Student Model Print
Five paragraphs in the body of this essay—one for each of the senses—provide a clear organization pattern that is easy for the reader to understand. Note that each of the five paragraphs begins with a sentence that repeats the same, simple pattern. This repetition of a sentence pattern provides unity. The use of an extended metaphor—comparing friendship to the making and baking of bread—works quite well and shows that Nate, the sixth grade writer of this essay, is willing to take creative risks.
A dictionary contains a definition of friendship somewhere in the F’s between the words “fear” and “Friday.” An encyclopedia supplies interesting facts on friendship. But all the definitions and facts do not convey what friendship is really all about. It cannot be understood through words or exaggerations. The only way to understand friendship is through experience. It is an experience that involves all the senses.
Friendship can be seen. It is seen in an old couple sitting in the park holding hands. It is the way they touch, a touch as light as a leaf floating in the autumn air, a touch so strong that years of living could not pull them apart. Friendship is seen in a child freely sharing the last cookie. It is the small arm over the shoulder of another as they walk on the playground. Seeing friendship is not casual. It is watching for subtlety, but friendship is there for eyes that can see.
Friendship can be heard. It is heard in the words of two friends who squeezed in lunch together on an extremely busy day. It is the way they talk to each other, not the words. Their tone is unique. Friendship can be heard by those willing to listen.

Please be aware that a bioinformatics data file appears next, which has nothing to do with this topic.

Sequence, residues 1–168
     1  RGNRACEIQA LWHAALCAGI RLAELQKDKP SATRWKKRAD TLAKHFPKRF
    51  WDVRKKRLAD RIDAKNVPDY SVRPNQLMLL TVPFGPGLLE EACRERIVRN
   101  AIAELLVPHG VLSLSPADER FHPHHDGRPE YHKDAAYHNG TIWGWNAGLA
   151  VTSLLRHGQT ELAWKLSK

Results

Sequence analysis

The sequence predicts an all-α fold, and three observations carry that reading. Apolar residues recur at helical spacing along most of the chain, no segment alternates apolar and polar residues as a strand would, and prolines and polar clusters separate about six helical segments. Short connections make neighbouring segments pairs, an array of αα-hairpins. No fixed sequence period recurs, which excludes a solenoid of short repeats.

Friendship is felt in a touch. It is a pat on the back from a teammate, a high five between classes, the slimy, wet kiss from the family dog. It’s a touch that reassures that someone is there, someone who cares. The touch communicates more than words or gestures. It is instantly understood and speaks volumes beyond the point of contact, to the heart.
Friendship has a taste. It tastes like homemade bread, the ingredients all measured and planned, then carefully mixed and kneaded, then the quiet waiting as the dough rises. Hot from the oven, the bread tastes more than the sum of its ingredients. There is something else there, perhaps the thoughts of the baker as her hands knead the dough, or her patience as she waits for the dough to rise. Unseen and unmeasured, this is the ingredient that makes the difference. Warm, fresh from the oven with a little butter, the difference you taste is friendship.
Friendship has a smell. It smells like the slightly burnt cookies your brother made especially for you. It smells like your home when stepping into it after being away for a long time. It smells like a sandbox or a sweaty gym. Friendship has a variety of smells. Taken for granted at the moment, they define the memory of friendship.
Finally, more than the other senses, friendship is an experience of the heart. It is the language of the heart—a language without words, vowels, or consonants; a language that, whether seen, felt, heard, or tasted, is understood by the heart. Like air fills the lungs, friendship fills the heart, allowing us to experience the best life has to offer: a friend.